Exploring Collocations with The Prime Machine

Exploring Collocations with The Prime Machine

Stephen Jeaco (Xi'an Jiaotong-Liverpool University, Suzhou, China)
DOI: 10.4018/IJCALLT.2019070103

Abstract

One of the greatest impacts of corpus linguistics on language teaching has been in the recognition of the importance of collocation. A very influential guide for language teachers with regard to teaching collocation has been the Lexical Approach. Activities pointing students to rich collocational information in monolingual dictionaries, in texts and specifically in collocation dictionaries provided ways for language learners to engage with collocation information: to notice, to remember and to acquire. In recent years, there has been a growing interest in Data Driven Learning and new tools are now available to allow students to access collocation information from corpora for themselves. After introducing some pedagogic considerations, this article presents some of the features of The Prime Machine which were developed to support DDL activities focussed on collocation.
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Introduction

One of the greatest impacts of corpus linguistics on language teaching has been in the recognition of the importance of collocation for effective language learning. As computer searchable databases of authentic language texts became available to linguists and lexicographers, evidence for the patterning and co-selection of word choices required greater attention (Barnbrook, Mason, & Krishnamurthy, 2013; Sinclair, 1991). A very influential guide for language teachers with regard to collocation has been the Lexical Approach (Lewis, 2008) and its activities pointing students to the rich collocational information in monolingual dictionaries, in the examples in their texts and specifically in collocation dictionaries provided ways for language learners to engage with collocation information: to notice, to remember and to acquire (Hill, Lewis, & Lewis, 2000) 1.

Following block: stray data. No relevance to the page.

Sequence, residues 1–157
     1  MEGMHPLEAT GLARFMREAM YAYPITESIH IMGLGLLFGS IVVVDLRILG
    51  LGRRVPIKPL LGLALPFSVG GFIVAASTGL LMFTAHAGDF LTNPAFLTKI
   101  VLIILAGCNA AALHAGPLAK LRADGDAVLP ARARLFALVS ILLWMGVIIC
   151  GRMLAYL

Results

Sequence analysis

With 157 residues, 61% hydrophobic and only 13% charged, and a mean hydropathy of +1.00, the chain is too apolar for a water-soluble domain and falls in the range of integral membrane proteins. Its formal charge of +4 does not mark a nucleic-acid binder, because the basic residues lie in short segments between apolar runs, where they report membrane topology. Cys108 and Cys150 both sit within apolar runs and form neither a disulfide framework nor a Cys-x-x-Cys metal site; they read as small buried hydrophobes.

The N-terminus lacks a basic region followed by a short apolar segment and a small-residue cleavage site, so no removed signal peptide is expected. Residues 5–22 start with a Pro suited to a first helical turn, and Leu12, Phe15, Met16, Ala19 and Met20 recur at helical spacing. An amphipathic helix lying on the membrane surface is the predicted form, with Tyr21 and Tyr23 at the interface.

While mobile phone technology and the internet have brought increased ease for checking and finding simple meanings of words, some of the pedagogic basis for spending time, thought and energy on retrieving, digesting and recalling this information has perhaps been lost. While web corpora have grown in size and scope, some of the opportunities for exploring collocations in specific contexts, perhaps for specific fields, have also to some extent been overlooked. However, one use of technology in the language learning classroom in particular – Data Driven Learning (DDL) – can offer opportunities for learners to engage directly with language data for a range of language learning pursuits (Flowerdew, 2015; Thomas, 2015; Tsui, 2004).

This paper presents an overview of some of the features of the newest version of The Prime Machine which have been developed to support the exploration of collocations as part of Data Driven Learning activities. Inspired by the theory of Lexical Priming (Hoey, 2005), The Prime Machine was developed as a learner-friendly corpus tool (Jeaco, 2015; Jeaco, 2017a)2. After introducing the pedagogical and theoretical background of collocation and DDL, this paper goes on to introduce the way collocation is measured and presented in several corpus tools, before describing the ways users of The Prime Machine can view and interact with collocation data.

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